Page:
One step closer to equal rights for cyclists

Thanks to emails sent by supporters of CTC, the national cycling charity to the Ministry of Justice backing changes to the Code of Practice for Victims of Crime (the 'Victims Code'), cyclists hit by careless drivers are now one step closer to having the same rights as victims of other crimes. 

Victims of crime are entitled to various rights under the Victims Code, including access to information about police investigations and victim support services. But historically, victims of road crime have been treated differently to other victims. 

This is in large part because the definition of 'victim' did not include many people affected by motoring offences, such as drink driving, careless driving and speeding. This meant that victims of these crimes did not have the same entitlements as victims of other crimes. 

An overarching theme of CTC's Road Justice Campaign is that 'road crime' should be dealt with by the justice system as 'real crime', and not a 'minor road traffic' offence. Treating victims of road crime less seriously, as outlined within CTC's Role of the Police document, always implied the opposite. 

This summer, the Ministry of Justice (MOJ) opened a consultation on the Victims' Code, which included possible changes to extend the definition of 'victim' to include the victims of all motoring offences.

CTC responded to this consultation by sending a supportive response to the MOJ. Almost 1800 CTC supporters also sent emails to the MOJ in support of the changes.

On Monday 9 November, the Government announced the following changes to the Victims Code:

  • The definition of victim has been extended to include all victims of crime, including victims of road traffic offences like careless driving, drink driving and speeding. Now, anyone who becomes a victim whilst cycling will be able to access support services and information about prosecution decisions.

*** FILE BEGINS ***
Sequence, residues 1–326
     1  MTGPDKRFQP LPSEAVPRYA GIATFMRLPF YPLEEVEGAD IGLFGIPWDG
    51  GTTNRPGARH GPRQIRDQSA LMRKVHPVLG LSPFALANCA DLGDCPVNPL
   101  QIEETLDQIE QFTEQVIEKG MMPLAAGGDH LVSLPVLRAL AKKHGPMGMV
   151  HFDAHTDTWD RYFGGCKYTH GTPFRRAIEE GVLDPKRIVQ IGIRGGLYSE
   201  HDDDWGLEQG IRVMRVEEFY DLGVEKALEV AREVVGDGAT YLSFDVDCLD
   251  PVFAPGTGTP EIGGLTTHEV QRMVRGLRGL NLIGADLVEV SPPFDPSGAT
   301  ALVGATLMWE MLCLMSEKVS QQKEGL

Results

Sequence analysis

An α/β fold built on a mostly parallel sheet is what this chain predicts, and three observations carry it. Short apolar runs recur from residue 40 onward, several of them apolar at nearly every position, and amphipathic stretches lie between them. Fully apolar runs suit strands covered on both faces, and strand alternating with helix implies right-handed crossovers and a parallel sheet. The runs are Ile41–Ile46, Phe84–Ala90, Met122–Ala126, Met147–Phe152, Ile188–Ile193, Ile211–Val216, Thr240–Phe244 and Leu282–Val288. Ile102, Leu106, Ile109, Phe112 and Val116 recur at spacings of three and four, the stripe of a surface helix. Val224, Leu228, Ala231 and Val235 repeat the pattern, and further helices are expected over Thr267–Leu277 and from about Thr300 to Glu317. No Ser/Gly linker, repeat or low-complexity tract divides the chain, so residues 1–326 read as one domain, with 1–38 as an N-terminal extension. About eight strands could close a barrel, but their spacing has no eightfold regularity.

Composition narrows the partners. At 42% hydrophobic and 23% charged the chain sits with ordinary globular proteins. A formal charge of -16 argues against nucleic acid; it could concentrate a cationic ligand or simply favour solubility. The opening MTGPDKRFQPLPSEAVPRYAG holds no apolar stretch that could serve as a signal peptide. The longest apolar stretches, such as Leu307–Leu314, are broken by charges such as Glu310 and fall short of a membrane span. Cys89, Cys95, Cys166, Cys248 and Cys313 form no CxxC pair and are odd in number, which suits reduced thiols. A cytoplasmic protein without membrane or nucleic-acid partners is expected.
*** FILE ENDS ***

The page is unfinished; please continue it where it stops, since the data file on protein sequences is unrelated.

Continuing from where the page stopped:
• Victims who report a crime will now receive a written acknowledgement from the police. This will benefit cyclists who have previously had diffculty in getting any recognition from the police. 
     
  • The Code now applies to the Health and Safety Executive, which will benefit cyclists injured by people driving for work.  

Unfortunately, it's not all good news. The Government refused to extend the Victims' Right to Review scheme to all offences, not just the most serious. This means many cyclists injured in collisions still will not be able to challenge a police decision not to charge a driver.

The Government also refused to include Traffic Commissioners (the regulators of HGVs) and Coroners in the list of bodies that must abide by the Code. The MOJ claim that neither body has an investigative or prosecutorial function and therefore is exempt from following the Code. 

CTC is considering what steps to take next to ensure all road crime victims can challenge decisions not to take action against irresponsible drivers.

If you've been a victim of road crime and you're dissatisfied with the police response, read our guide 'How to make a complaint against the police'.

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